melanoma

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melanoma:

see skin cancerskin cancer,
malignant tumor of the skin. The most common types of skin cancer are basal cell carcinoma, squamous cell carcinoma, and melanoma. Rarer forms include mycosis fungoides (a type of lymphoma) and Kaposi's sarcoma.
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The Columbia Electronic Encyclopedia™ Copyright © 2013, Columbia University Press. Licensed from Columbia University Press. All rights reserved. www.cc.columbia.edu/cu/cup/
The following article is from The Great Soviet Encyclopedia (1979). It might be outdated or ideologically biased.

Melanoma

 

melanoblastoma; a malignant tumor that consists of melanin-producing cells.

Factors conducive to the development of melanomas include injury and hormonal stimulation, especially during puberty. Melanomas generally occur on the skin; less often, they appear on the retina, pia mater, nasopharynx, larynx, esophagus, and mucosa of the intestine and other organs. Melanomas usually develop at the site of pigmented or depigmented birthmarks, but they may also appear elsewhere. The process starts with a barely perceptible, painless tumor on the skin, sometimes resembling a wart, which gradually becomes dark brown or black. Occasionally, it ulcerates and bleeds. In case of injury, the tumor may enlarge quickly and become tuberous, dense at the base, and stiffer. The regional lymph nodes enlarge. The initial signs that a melanoma is developing at the site of a birthmark are the birthmark’s enlargement, an intensification or reduction in its pigmentation, and the appearance of a red rim around it. Treatment involves prompt surgical intervention, based on early diagnosis, and the use of radiotherapy and drugs to retard the growth and reproduction of the cells.

I. IA. SHAKHTMEISTER

The Great Soviet Encyclopedia, 3rd Edition (1970-1979). © 2010 The Gale Group, Inc. All rights reserved.

melanoma

[mel·ə′nō·mə]
(medicine)
A malignant tumor composed of anaplastic melanocytes.
A benign or malignant tumor composed of melanocytes.
McGraw-Hill Dictionary of Scientific & Technical Terms, 6E, Copyright © 2003 by The McGraw-Hill Companies, Inc.

melanoma

Pathol a malignant tumour composed of melanocytes, occurring esp in the skin, often as a result of excessive exposure to sunlight
Collins Discovery Encyclopedia, 1st edition © HarperCollins Publishers 2005
References in periodicals archive ?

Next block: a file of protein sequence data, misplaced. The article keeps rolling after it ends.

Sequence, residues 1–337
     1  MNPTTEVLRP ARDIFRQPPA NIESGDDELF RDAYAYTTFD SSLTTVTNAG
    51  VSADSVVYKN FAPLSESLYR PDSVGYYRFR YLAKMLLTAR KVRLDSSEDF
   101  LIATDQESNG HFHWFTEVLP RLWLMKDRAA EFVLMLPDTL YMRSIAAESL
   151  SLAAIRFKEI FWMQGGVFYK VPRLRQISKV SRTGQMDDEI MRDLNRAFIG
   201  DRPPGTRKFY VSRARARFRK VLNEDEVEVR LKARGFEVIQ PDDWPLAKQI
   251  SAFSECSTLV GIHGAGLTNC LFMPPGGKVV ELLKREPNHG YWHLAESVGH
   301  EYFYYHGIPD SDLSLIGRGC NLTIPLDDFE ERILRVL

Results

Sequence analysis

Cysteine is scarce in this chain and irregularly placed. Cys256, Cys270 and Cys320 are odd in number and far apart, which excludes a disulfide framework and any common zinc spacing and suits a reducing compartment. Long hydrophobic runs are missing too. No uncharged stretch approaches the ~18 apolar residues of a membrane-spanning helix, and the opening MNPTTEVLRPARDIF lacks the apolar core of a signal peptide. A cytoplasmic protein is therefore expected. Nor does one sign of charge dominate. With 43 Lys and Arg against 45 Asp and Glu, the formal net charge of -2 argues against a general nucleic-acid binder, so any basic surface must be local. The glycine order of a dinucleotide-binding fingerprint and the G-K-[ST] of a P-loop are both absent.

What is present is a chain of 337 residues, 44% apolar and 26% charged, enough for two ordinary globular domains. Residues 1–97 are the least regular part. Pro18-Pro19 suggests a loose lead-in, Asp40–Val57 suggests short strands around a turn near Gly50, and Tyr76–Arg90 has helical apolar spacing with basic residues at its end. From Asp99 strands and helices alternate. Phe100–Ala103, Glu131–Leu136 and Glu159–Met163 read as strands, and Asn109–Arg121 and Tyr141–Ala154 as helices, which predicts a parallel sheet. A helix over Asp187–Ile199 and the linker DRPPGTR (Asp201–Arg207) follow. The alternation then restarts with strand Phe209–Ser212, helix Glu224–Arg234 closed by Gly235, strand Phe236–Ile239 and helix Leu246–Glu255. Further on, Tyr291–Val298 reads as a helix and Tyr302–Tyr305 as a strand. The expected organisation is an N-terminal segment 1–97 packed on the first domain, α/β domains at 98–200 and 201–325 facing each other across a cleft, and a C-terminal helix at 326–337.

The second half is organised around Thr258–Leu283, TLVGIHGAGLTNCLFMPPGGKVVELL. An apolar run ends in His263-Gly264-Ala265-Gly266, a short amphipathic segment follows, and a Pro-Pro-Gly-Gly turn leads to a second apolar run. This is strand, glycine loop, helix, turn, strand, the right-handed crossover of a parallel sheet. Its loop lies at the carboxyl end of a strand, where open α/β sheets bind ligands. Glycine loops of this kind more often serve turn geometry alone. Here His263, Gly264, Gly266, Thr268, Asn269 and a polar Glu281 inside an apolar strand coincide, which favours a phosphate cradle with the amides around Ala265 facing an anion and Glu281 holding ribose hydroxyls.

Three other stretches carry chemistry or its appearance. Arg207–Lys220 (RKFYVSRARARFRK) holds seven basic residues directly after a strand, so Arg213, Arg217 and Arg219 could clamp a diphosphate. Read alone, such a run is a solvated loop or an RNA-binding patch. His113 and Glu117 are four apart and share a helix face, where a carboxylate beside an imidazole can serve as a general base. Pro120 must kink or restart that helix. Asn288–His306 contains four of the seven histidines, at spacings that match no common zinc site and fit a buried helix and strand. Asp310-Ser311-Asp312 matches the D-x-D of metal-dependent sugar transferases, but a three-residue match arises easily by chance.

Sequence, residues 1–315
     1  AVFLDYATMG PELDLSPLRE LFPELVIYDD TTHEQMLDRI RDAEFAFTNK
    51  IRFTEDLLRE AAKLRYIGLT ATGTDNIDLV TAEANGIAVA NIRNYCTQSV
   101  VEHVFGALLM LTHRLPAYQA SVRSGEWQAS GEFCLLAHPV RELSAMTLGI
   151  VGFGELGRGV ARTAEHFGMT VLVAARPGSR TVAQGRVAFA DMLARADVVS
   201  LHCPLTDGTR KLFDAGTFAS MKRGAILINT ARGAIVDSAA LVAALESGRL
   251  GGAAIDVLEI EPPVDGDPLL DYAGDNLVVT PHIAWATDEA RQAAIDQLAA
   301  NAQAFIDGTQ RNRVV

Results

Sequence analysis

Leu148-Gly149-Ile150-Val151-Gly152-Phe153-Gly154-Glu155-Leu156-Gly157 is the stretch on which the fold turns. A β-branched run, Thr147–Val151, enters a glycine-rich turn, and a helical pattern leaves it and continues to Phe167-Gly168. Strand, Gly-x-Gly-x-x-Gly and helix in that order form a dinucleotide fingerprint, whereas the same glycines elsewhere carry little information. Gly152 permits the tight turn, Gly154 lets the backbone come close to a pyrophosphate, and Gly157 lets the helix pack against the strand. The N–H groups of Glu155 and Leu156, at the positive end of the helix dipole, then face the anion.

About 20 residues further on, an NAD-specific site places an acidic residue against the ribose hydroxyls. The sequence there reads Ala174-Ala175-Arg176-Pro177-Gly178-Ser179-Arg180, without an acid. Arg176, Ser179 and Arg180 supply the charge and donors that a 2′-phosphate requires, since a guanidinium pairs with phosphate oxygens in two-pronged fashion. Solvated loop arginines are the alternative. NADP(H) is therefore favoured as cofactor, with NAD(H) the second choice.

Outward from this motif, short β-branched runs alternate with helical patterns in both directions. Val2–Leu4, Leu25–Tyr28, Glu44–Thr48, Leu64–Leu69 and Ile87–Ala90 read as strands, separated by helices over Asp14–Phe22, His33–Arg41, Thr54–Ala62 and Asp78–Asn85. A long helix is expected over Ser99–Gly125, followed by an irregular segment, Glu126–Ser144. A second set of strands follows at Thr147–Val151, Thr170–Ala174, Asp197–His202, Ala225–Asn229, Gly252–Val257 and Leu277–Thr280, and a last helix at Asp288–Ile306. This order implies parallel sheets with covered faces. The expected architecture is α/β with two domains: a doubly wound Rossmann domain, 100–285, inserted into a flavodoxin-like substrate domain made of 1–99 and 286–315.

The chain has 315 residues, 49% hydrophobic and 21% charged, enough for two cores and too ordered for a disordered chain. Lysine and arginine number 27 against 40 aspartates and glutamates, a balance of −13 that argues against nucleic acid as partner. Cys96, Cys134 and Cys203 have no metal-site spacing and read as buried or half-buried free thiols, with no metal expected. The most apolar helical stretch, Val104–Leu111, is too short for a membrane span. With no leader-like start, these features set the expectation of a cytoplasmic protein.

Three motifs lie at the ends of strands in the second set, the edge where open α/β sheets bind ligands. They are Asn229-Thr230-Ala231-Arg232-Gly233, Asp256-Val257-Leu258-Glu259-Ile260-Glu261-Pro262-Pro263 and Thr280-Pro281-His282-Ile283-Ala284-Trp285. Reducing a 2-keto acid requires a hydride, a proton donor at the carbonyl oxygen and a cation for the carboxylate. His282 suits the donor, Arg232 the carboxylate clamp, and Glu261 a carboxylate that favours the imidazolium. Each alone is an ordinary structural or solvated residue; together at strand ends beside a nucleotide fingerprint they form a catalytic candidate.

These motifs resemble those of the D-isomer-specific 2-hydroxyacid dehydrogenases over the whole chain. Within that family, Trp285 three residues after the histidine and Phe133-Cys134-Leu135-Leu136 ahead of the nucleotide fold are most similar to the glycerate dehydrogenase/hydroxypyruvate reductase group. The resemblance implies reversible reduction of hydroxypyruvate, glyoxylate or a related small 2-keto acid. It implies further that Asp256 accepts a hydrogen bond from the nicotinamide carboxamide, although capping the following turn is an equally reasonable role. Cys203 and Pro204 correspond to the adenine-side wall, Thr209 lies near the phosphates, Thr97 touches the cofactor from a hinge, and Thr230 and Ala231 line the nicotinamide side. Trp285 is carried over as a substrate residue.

Up to 50% of people with uveal melanoma will eventually develop metastatic disease.
Clinical activity of ipilimumab for metastatic uveal melanoma: A retrospective review of the Dana-Farber Cancer Institute, Massachusetts General Hospital, Memorial Sloan-Kettering Cancer Center, and University Hospital of Lausanne Experience.
Uveal Melanoma. Stable disease was observed in 29 patients (26.4%) treated with chemotherapy and in 32 (32%) patients treated with immunotherapy, corresponding to disease control rates of 30.0% (95% CI: 21.6-39.5%) in patients treated with chemotherapy and 32% (95% CI: 23.0-42.1%) in those treated with immunotherapy.
With the exception of uveal melanomas [13], these have all shown that tumour cells possess elevated SCE frequency in keeping with genetic instability as a hallmark of cancer.
Orbital exenteration for uveal melanomas with extrascleral spread is considered only in presence of gross orbital tumour extension [13].
Seregard, "Uveal melanoma: epidemiologic aspects," Ophthalmology Clinics of North America, vol.
[21], from the tissue perspective, support the theory that both microvascular densities by counting tumor vessels in a masked fashion from areas of the highest vessel density after immunostaining for CD34 epitope, factor VIII-related antigen (FVIII-RAg), and alpha-smooth muscle actin (SMA) and microvascular patterns contribute independently to prognosis in uveal melanoma in addition to cell type and size of the tumor.
Brouwer et al., "Clinical significance of immunohistochemistry for detection of BAP1 mutations in uveal melanoma," Modern Pathology, vol.
Portenar, "Hepatic metastasis and orbital recurrence of uveal melanoma after 42 years," American Journal of Ophthalmology, vol.
Uveal melanoma is an intraocular malignancy with an incidence of approximately six per million per year in Caucasians.
Histologically, it is not possible to determine whether the melanoma arose from within the eye (as in a uveal melanoma or sinonasal melanoma extending into the orbit) or if it had metastasized from another location.